Ohlone College, Newark Center for Health Sciences and Technology
Square Footage: 130,000
LEED Platinum Certified
Project Team Award-Platinum, 2009
Building Design + Construction
Environmental Hero, 2008
US Environment Protection Agency (EPA), Environmental Awards
Design Award of Merit, 2008
Community College Facility Coalition (CCFC)
The Newark Center, master planned for an 81-acre (327,800 square meter) site, is based on the paradigm of advanced technology within an ecologically sustainable setting. Certified LEED Platinum, the design of the Center incorporates sustainable design holistically, weaving green elements throughout and highlighting those as an ongoing teaching element in the school’s focus on environmental stewardship. The eco-friendly campus is the first “green” community college campus in the nation. The project employs three different alternative energy systems and a long list of other green features, from sustainably produced furniture to an “enthalpy wheel”.
Allied health programs include nursing, respiratory therapy, medical & physical therapy and health & wellness, with technology programs in biotechnology, computers, networks, emerging technologies and environmental studies. The building has two wings, one for health sciences and the other for technology. The two wings come together around a campus green, joined by community areas including a Learning Resource Center, general education area, clinic and the campus commons with access to the bookstore, cafe and scholarly activity and training areas. The design focused on achieving adaptability in the design to meet alternative methods of learning and the changing needs of education programs.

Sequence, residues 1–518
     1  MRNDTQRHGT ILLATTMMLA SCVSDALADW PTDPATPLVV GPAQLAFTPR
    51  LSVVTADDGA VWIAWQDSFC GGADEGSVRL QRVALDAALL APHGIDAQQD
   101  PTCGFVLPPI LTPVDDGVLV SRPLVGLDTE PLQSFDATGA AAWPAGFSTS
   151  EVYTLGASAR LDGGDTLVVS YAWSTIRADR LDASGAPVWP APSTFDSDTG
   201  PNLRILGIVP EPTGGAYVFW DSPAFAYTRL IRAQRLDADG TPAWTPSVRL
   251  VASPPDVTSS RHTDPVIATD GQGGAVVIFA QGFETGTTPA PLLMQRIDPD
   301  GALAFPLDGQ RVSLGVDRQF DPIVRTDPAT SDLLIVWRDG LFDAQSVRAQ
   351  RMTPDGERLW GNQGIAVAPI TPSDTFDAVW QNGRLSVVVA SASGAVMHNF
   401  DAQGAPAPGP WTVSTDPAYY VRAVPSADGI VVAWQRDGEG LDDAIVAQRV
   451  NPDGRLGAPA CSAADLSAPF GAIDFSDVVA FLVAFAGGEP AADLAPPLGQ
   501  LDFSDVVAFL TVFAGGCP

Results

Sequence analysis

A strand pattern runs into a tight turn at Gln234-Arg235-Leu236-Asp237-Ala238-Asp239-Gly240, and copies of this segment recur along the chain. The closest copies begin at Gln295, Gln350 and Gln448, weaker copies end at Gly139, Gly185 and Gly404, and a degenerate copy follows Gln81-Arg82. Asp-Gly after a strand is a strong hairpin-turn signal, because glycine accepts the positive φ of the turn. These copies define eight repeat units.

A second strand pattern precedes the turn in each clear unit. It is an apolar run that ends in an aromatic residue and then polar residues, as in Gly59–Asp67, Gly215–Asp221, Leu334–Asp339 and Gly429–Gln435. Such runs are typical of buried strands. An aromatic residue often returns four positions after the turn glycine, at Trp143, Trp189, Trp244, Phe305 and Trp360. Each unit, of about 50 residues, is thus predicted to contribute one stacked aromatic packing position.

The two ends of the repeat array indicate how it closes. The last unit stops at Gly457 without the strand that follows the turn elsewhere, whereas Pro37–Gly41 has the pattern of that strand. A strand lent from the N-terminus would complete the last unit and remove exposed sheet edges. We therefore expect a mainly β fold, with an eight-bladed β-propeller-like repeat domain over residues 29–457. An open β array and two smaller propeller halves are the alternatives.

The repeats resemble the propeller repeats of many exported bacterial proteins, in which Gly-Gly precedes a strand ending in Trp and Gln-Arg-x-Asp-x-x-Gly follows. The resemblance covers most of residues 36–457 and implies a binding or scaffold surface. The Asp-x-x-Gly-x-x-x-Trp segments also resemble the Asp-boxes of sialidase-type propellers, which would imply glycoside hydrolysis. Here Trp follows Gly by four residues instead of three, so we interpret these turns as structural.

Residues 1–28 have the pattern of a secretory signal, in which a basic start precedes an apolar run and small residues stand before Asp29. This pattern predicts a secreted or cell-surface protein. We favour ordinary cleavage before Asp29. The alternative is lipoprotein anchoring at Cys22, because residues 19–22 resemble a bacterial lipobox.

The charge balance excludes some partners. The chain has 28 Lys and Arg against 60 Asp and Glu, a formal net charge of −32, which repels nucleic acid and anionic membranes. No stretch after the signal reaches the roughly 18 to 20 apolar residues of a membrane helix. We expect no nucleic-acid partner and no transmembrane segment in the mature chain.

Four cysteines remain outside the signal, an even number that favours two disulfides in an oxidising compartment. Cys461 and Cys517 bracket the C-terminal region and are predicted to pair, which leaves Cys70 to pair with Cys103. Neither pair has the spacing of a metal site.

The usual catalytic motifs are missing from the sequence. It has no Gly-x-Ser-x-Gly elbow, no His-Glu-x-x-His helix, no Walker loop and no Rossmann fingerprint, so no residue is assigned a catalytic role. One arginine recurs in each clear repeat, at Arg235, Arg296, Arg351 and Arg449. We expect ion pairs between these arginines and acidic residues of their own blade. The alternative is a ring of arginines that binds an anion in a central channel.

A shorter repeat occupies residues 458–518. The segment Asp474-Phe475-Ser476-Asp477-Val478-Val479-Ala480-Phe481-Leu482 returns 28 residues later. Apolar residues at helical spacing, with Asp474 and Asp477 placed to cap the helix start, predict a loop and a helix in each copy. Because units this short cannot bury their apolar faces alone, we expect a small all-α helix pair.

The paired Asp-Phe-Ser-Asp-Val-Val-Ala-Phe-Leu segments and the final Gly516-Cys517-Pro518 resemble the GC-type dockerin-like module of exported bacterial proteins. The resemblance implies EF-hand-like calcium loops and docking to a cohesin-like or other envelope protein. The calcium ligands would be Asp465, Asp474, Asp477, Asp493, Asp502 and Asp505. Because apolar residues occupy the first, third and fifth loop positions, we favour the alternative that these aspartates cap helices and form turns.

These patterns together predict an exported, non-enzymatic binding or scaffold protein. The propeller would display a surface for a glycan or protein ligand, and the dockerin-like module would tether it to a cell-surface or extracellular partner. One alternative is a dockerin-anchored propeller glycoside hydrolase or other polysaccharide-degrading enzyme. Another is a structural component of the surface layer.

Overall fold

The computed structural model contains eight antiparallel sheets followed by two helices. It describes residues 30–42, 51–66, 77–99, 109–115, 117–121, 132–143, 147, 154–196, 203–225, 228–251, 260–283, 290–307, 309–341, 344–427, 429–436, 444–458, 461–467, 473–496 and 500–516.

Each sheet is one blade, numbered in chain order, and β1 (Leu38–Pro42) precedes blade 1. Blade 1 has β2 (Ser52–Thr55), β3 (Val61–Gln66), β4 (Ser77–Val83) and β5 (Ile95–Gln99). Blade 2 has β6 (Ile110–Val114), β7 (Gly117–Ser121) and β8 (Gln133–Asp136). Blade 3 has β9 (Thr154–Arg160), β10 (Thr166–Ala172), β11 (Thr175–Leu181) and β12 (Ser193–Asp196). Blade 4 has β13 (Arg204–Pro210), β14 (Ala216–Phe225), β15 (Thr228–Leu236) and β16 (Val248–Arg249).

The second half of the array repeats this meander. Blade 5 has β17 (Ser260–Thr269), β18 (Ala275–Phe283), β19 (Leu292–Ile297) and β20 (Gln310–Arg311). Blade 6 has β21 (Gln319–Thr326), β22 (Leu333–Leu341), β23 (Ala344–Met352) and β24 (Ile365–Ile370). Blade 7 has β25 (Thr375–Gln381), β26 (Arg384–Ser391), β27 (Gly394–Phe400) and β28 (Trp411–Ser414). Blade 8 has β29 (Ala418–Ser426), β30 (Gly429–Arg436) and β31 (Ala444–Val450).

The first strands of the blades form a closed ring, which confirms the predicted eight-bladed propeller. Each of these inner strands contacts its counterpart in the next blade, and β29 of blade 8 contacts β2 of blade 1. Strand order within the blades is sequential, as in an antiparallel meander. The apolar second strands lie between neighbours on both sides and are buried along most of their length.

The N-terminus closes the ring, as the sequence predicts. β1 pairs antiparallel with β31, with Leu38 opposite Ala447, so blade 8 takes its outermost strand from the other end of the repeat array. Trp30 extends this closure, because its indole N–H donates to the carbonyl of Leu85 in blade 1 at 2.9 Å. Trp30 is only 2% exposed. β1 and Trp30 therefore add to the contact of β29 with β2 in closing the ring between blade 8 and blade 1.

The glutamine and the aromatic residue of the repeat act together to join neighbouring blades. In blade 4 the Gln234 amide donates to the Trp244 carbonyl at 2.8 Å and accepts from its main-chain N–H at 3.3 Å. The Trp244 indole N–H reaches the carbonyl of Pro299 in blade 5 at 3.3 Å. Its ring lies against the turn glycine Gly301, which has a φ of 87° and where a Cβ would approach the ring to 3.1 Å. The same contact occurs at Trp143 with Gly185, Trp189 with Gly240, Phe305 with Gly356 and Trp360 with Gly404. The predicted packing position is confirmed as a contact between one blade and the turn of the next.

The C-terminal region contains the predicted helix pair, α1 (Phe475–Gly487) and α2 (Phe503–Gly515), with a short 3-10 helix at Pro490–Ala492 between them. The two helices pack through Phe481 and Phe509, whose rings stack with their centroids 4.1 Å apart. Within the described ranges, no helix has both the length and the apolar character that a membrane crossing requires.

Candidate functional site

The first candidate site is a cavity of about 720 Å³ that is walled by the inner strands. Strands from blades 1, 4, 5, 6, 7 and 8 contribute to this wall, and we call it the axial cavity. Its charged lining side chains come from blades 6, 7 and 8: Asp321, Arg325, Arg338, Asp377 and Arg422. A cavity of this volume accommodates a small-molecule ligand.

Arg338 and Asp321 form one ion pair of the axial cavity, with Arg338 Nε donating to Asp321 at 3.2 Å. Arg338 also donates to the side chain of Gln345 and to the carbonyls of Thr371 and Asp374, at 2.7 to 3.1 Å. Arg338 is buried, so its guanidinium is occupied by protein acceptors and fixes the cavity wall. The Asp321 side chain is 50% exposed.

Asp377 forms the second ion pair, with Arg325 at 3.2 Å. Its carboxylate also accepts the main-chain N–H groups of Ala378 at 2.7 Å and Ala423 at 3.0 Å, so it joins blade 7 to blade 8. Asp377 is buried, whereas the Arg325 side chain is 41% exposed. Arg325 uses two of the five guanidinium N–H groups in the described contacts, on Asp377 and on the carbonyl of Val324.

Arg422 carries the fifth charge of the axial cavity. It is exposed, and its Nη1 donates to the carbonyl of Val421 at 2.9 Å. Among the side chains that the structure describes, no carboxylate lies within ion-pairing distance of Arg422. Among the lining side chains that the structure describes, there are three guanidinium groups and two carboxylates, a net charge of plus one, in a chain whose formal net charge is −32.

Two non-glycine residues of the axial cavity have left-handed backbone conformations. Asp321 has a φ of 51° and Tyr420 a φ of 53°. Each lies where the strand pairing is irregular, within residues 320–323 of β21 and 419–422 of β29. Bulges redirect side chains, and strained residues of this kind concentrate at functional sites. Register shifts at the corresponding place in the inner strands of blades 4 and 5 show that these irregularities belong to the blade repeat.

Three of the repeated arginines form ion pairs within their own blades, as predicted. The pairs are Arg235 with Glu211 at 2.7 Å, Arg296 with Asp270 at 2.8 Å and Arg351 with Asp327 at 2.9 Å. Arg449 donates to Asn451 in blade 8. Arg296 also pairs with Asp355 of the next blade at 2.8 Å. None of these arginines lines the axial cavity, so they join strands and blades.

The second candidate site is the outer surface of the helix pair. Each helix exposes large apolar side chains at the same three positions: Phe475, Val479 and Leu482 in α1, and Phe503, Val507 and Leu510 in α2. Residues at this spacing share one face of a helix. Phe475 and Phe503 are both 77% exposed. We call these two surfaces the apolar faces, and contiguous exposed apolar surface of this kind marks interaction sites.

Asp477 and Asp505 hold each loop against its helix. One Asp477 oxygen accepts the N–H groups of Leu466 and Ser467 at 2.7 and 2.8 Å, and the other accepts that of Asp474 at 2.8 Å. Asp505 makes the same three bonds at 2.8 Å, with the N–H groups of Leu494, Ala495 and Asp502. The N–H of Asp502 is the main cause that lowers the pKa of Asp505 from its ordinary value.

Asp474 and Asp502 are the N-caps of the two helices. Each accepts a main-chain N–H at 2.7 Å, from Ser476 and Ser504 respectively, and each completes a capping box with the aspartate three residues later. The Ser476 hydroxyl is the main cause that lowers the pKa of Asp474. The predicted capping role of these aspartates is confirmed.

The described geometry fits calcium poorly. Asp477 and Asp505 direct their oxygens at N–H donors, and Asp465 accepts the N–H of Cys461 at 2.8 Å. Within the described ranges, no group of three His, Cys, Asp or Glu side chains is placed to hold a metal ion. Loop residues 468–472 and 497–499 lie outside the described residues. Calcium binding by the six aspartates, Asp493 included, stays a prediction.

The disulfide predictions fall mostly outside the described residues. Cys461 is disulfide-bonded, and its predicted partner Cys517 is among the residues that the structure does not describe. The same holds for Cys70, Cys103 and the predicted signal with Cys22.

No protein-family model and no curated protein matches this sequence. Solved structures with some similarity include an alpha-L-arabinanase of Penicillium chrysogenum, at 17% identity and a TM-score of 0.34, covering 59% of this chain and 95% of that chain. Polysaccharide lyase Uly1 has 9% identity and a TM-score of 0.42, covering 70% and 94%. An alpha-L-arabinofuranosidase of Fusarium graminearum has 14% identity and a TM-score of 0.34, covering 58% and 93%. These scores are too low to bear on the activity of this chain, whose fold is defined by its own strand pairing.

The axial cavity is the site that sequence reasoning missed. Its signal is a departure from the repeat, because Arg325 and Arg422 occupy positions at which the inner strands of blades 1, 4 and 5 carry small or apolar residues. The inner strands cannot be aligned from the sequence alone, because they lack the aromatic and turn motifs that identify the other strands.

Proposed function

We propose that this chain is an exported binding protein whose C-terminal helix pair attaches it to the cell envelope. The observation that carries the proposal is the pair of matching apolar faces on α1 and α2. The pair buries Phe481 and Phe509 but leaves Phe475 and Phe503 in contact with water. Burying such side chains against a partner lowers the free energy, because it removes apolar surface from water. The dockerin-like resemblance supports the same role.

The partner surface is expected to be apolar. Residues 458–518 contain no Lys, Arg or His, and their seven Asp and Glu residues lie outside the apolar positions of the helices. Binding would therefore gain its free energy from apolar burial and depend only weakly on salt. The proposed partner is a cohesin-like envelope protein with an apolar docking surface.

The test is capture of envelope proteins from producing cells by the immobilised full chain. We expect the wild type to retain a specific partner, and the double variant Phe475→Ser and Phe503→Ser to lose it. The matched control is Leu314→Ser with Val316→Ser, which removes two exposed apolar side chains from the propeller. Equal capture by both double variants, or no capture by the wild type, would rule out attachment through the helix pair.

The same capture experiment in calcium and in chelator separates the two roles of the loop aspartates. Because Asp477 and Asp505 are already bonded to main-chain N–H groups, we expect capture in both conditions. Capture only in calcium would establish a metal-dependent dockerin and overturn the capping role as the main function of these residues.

Classrooms and laboratories are organized on a large flexible module which caters to modern learning environments that are moving toward active, collaborative, learning. Students’ schedules are more like a workplace, with classes clustered in time blocks instead of spaced apart. Instruction is interdisciplinary and based upon themes instead of isolated subjects, with students working in thematic “learning communities”. Furniture is on wheels so each class may rearrange as needed before and during class. Tables fold into an upward position, which allows for substantial flexibility—especially in Health Sciences where learners move from discussion around tables to bedside work with manikins.